Epidemiology of Animal Exposures Presenting to Emergency Departments

Mark T. Steele, O. John Ma, Janet Nakase, Gregory J. Moran, William R. Mower, Samuel Ong, Anusha Krishnadasan, David A. Talan

Research output: Contribution to journalArticlepeer-review

27 Scopus citations


Objectives: To describe the epidemiology of emergency department mammalian animal exposures and to compare adult and pediatric exposure characteristics. Methods: This was a prospective case series of patients presenting with animal exposure-related complaints from July 1996 to July 1998. Eleven university-affiliated, geographically diverse, urban emergency departments (EMERGEncy ID NET) participated. Results: A total of 1,631 exposures (80.5%) were from dogs, 267 (13.2%) from cats, 88 (4.3%) from rodents or rabbits, 18 (0.9%) from raccoons and wild carnivores, eight (0.4%) from livestock, nine (0.4%) from monkeys, and five (0.2%) from bats. Compared with adults, children were more likely to be bitten by dogs (odds ratio [OR], 2.9; 95% confidence interval [CI] = 2.2 to 3.8) or hamsters, gerbils, and rabbits (OR, 2.6; 95% CI = 0.79 to 9.2); to be bitten on the head, neck, or face (OR, 6.7; 95% CI = 5.2 to 8.6); and to be petting or playing with the animal at the time of exposure (OR, 2.6; 95% CI = 2.1 to 3.3). Conclusions: Animal exposures are a common source of injury seen in the emergency department. These findings have potentially important public health implications in terms of emphasizing the need to effectively implement education programs for parents and children.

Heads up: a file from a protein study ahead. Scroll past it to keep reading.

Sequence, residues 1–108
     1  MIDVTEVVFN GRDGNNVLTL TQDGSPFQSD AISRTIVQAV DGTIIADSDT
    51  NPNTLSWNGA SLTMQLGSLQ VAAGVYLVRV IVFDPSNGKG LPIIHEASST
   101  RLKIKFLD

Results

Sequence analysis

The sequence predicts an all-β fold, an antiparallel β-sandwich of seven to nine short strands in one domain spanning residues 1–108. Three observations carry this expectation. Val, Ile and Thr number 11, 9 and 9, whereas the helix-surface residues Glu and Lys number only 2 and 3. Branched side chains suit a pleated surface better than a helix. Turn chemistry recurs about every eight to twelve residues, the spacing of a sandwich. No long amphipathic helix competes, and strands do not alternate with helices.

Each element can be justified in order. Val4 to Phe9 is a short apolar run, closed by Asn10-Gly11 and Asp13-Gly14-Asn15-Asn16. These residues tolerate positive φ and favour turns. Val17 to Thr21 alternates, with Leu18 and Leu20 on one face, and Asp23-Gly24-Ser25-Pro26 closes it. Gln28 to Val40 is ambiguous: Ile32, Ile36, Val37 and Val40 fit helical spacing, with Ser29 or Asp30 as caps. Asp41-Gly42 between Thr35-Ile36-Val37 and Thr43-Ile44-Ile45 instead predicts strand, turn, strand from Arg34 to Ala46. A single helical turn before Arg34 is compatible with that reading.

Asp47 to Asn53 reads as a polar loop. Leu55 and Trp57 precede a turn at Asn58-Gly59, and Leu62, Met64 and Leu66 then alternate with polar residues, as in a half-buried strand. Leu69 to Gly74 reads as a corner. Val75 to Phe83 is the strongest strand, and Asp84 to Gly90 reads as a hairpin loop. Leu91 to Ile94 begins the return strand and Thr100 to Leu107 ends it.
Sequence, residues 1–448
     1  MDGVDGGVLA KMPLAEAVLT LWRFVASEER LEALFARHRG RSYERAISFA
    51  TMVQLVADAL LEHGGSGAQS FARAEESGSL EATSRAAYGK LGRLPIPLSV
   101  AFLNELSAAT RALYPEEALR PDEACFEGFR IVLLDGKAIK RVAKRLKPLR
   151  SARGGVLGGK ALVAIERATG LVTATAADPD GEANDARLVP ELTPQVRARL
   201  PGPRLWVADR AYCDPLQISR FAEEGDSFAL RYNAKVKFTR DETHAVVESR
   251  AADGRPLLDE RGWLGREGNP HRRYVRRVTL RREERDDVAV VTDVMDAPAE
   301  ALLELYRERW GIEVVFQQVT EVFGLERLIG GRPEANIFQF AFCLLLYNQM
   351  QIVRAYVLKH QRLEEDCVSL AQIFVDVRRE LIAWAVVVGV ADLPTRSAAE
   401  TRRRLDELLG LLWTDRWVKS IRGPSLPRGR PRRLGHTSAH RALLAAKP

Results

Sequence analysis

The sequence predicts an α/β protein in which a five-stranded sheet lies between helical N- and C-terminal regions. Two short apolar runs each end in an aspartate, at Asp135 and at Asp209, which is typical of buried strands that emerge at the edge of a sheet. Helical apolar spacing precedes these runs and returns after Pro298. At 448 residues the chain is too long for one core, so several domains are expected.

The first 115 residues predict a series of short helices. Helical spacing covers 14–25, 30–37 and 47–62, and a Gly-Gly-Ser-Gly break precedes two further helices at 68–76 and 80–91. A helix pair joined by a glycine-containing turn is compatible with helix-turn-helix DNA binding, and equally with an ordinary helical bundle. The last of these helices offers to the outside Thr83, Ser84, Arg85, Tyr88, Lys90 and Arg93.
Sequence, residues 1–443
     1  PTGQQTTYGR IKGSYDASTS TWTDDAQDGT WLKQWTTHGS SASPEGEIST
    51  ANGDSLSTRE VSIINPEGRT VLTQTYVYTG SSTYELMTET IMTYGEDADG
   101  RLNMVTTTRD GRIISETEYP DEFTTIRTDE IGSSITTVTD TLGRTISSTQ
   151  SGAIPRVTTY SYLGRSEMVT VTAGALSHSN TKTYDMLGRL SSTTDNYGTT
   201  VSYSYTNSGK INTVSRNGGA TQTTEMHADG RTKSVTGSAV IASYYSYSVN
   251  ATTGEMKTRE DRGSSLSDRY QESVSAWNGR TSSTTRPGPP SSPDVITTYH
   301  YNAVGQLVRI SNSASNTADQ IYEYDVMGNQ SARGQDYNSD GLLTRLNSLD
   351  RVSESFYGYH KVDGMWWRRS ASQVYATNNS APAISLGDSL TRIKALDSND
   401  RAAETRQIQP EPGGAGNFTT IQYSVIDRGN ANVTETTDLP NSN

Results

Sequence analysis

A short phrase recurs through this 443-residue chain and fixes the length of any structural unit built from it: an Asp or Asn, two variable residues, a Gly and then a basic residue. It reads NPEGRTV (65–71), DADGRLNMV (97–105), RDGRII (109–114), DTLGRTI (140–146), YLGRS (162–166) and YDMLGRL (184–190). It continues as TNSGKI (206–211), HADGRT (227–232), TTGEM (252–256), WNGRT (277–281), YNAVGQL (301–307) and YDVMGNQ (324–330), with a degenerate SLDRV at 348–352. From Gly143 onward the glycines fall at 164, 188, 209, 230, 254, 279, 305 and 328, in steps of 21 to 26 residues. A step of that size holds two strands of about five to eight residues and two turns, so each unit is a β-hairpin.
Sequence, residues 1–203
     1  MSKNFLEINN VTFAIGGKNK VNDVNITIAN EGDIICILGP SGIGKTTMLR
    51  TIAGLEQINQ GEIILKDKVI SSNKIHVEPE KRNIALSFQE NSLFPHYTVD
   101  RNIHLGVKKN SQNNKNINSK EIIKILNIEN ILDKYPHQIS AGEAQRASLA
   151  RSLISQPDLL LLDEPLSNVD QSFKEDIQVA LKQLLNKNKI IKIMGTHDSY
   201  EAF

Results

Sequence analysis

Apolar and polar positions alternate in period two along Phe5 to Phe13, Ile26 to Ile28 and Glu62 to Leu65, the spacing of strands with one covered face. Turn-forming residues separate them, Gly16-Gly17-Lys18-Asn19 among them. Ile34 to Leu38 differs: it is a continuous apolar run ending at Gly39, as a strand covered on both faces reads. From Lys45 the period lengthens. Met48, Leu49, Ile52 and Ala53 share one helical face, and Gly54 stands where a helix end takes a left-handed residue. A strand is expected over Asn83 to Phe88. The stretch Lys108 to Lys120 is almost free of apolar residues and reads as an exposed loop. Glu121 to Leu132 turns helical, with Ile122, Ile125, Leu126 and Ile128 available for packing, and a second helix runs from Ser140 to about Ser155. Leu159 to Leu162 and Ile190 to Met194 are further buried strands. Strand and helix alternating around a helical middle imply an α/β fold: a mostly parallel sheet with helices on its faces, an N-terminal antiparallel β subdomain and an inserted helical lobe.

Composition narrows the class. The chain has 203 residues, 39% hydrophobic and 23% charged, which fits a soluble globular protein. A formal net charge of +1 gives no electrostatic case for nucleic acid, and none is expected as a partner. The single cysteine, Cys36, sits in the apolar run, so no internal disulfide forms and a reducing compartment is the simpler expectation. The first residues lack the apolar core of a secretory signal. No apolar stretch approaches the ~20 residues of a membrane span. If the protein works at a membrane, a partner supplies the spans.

Original languageEnglish (US)
Pages (from-to)398-403
Number of pages6
JournalAcademic Emergency Medicine
Issue number5
StatePublished - May 2007


  • bites
  • cats
  • dogs
  • emergency
  • epidemiology
  • stings

ASJC Scopus subject areas

  • Emergency Medicine


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